- 1. We suggest using the 2018 classification system (10) that reflects the degree of known toxicity on the basis of published peer-reviewed literature to define the pathophysiologic effect of each uremic retention solute. Periodic updates will be required as new evidence of the toxicity of solutes becomes available, and new solutes are identified.
- 2. We suggest the pathophysiologic effect of each uremic toxins (e.g., inflammatory, cardiovascular) and solute origin (e.g., intestinal generation, post-translational modification) should be stated wherever available.
- 3. We suggest focusing on a limited number of key body system effects that are the most prominent in uremia, such as cardiovascular damage, susceptibility to infection, and neurologic manifestations for pathophysiologic classification.
Classification on the Basis of Patient Outcomes
In addition to the high morbidity and mortality associated with kidney failure, patients have a high symptom burden. Studies have demonstrated that reducing the symptom burden is as, if not more, important to many patients than an extended survival. Therefore, there has been much interest in recent years in developing robust, reproducible methods (41–44) to measure the patient experience. Additionally, there are now coordinated international research programs (45) targeting methods for improving what patients with kidney failure experience. However, the current classification of uremic toxins does not include patient experience or outcomes. The current uremic toxins classification does not help clinicians prescribe a dialysis regime for a patient with restless leg syndrome, fatigue, or prolonged recovery time after a dialysis session. Therefore, it would now be logical to look at the classification of uremic toxins in light of the symptoms and patient outcomes they cause. A classification such as this could then allow dialysis prescriptions to be specific to individual patient complaints, such as pruritus or restless leg syndrome.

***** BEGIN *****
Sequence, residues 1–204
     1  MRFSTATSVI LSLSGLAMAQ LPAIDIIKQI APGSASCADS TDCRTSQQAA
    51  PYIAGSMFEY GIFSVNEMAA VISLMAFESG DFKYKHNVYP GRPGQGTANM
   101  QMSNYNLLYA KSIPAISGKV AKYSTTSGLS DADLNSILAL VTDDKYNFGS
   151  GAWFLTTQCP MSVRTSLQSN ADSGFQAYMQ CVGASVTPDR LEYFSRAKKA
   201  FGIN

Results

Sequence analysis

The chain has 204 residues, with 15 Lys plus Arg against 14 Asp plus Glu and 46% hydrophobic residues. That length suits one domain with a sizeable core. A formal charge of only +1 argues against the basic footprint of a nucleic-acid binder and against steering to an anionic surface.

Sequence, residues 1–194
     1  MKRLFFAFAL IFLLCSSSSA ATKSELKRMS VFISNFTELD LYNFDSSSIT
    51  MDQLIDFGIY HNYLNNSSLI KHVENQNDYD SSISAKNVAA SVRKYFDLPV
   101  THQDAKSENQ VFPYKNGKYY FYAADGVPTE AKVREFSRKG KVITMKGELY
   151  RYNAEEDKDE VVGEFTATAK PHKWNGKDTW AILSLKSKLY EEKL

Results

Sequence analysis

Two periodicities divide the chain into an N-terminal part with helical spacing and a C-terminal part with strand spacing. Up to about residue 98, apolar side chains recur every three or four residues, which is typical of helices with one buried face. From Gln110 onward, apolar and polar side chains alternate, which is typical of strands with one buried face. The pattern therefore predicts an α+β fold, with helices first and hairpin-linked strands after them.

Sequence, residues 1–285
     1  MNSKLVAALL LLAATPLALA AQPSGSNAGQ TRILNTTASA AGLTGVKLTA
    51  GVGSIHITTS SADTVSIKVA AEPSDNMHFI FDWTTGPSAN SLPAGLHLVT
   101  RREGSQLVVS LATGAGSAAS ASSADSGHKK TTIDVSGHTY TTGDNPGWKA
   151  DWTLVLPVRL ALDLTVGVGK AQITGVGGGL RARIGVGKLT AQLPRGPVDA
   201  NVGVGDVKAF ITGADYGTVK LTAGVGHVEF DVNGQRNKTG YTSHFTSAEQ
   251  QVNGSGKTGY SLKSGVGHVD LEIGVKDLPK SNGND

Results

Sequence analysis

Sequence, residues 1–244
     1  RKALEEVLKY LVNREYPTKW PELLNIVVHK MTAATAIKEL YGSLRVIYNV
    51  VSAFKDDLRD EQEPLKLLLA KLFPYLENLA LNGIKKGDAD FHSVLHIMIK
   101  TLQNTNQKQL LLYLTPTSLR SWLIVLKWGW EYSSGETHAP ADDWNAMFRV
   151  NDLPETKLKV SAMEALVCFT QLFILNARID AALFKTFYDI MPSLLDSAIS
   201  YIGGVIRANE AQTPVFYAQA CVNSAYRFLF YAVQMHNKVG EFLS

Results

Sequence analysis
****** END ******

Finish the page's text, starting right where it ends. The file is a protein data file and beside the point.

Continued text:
Statement 3. The Current Physicochemical Classification of Uremic Toxins Does Not Adequately Address Patient Experience or Outcomes and Does Not Reflect Personal Patient Characteristics by which the Dialysis Prescription Should Be Made (e.g., Targeting the Prevention of Cardiovascular Disease, Loss of Residual Kidney Function, Deterioration of Vascular Access, or Quality of Life)